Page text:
Nearby, Ethos, a new gypsy brewery, launched three beers: Direito, a session IPA, Primeiro Milagre, a grape saison and New Bahia, a New England-style double IPA. The Mondial’s own Gabriel Pulcino partnered with Pedro de Luca, brewer at Rio’s Allegra brewery for this startup. A German-trained brewer, Pedro has formulated several craft beers for Allegra – Oatmeal Stout, Helles Rauch, American IPA and a Grand Cru – but he says he has over 100 recipes to try out for Ethos!
When he launched into brewing seven years ago, ingredients were difficult to source, Pedro said; now that’s all changed. With the rise of interest in craft beer, importers have stepped in to service the new market. Pedro can get malt from the UK, Germany or the US and choice hops from the US as well as South American hops from Argentina. The government has even been researching hops that can be grown in Brazil, and craft malteries are popping up in the south.
“The biggest issue is yeast,” Pedro said, “But that is changing too.” He described Rio’s gypsy brewers as a loose-knit “unorganization.” “We have a WhatsApp group, and we get together every month or so to taste beers and play poker.”
In the second hall we find Marcelo Carne de Rocha, referred to as the Godfather of Brazilian beer, because his Colorado Brewery was the first brewing new wave US-inspired beers in the town of Ribeirão Preto, a couple of hours west of Sao Paulo. He has fallen out of favor with some beer geeks since he sold his brewery to AB InBev (trying to build a new brewery in Sao Paulo forced his hand, he said), but Colorado’s beers have not changed. Indeed, barrel-aged Guanabara (an imperial stout) won a platinum medal. And he still holds true to his mission of using native Brazilian ingredients in his beers. His head brewer, Fernanda Ueno, said there was something of an AB InBev backlash in her home town, but not at the Rio fest. “Here, they treat us well,” she said. “In Ribeirão Preto, they treat us like shit.” Another high flying craft brewery that sold to AB InBev is Wals located in Belo Horizonte, six hours inland from Rio. But, unlike Colorado, it did not seem that the original owners were present at the fest. They were also curiously missing from the medal stand.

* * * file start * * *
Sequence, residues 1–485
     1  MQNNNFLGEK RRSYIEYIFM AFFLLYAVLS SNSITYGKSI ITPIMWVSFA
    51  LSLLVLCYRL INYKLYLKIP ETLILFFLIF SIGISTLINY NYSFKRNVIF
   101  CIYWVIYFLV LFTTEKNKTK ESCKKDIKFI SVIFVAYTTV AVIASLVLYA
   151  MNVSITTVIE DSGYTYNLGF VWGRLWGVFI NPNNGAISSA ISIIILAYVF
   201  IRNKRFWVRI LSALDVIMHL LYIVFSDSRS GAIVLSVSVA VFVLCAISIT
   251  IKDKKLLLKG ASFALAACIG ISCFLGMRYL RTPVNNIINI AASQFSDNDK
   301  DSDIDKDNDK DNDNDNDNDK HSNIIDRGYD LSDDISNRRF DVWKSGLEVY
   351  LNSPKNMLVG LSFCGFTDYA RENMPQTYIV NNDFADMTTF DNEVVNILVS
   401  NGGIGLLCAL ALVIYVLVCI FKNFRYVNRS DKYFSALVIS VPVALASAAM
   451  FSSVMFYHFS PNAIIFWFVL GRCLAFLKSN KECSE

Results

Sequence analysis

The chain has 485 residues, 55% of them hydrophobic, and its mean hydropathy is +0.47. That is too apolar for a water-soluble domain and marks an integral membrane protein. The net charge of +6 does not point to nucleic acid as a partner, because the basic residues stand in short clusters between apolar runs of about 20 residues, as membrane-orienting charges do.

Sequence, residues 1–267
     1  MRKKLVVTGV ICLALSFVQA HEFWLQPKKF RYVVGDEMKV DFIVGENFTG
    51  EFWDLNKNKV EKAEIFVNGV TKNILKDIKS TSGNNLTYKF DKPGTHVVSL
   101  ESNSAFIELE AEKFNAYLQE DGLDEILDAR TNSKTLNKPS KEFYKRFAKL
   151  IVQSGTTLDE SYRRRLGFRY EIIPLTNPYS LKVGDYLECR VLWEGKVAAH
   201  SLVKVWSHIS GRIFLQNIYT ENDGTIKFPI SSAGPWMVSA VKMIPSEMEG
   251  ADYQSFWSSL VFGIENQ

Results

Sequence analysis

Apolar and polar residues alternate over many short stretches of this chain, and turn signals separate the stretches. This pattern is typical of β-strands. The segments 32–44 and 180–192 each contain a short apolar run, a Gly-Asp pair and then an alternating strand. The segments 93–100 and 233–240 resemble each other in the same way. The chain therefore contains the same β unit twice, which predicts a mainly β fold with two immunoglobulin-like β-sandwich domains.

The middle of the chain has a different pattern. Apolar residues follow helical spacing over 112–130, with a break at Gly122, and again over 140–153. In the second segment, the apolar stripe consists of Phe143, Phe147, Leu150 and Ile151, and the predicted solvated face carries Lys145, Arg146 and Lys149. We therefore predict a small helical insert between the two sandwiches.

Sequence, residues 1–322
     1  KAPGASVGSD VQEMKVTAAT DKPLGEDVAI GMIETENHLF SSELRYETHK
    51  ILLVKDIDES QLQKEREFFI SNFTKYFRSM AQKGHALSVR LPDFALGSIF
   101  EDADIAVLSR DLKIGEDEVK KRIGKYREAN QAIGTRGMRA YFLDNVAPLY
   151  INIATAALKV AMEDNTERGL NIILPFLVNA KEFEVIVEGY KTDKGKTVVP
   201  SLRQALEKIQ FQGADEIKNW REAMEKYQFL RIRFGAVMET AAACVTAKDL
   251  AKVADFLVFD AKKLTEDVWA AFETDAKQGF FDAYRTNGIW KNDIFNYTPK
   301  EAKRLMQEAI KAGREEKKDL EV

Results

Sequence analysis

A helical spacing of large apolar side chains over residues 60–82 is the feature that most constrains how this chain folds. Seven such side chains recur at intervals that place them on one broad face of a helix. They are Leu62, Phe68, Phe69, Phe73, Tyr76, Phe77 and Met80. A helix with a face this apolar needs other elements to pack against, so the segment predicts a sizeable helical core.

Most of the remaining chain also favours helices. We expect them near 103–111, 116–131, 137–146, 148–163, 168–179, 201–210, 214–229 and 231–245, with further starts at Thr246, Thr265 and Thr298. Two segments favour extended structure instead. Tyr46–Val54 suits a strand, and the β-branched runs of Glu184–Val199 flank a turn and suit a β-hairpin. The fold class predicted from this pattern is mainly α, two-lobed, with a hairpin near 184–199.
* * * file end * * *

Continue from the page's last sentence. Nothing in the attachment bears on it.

At the gateway to the third pavilion, the jovial 3 Cariocas were perpetually swamped. Although they had a smaller booth than many of their competitors they were among the fest’s best sellers, and they kept their medal string going with a gold for Quebra-Cabeca 3 Cariocas imperial milk stout. Moving on, past a (real) tattoo parlor, the third pavilion featured polished gypsy brewers Hocus Pocus. They opened a cool bar in the Botofoga area of Rio and are working on a brewery project. At the fest they featured a smoothie machine to add vanilla ice cream to their I Love Milk NE Double IPA. Further in the back there was Contabrando. Victor Montenegro, former GM of the Mondial and really the man who had the vision to bring the fest to Rio, is a partner in this beer truck that pours beers from a variety of breweries at many different events.
To say the Mondial Rio is popular would be an understatement. All but one of the five days were sold out at 10,000 capacity per day, and breweries are clamoring to get in. There were more than 150 breweries at this year’s Mondial, and there was a waiting list of 50. Some of the large breweries take a booth for individual brands – Grupo Petropolis, the brewery which brews mainstream Itaipava, for example, staffed three large booths for their Black Princess, Petra and Weltenberger brands, the latter brewed under contract from the Germany monastery.
Jeffry, a craft brew, but with deep pockets, staffed a booth in each hall, touting their new brewery under construction in the foothills outside of Rio. At one station they were canning crowlers for demo.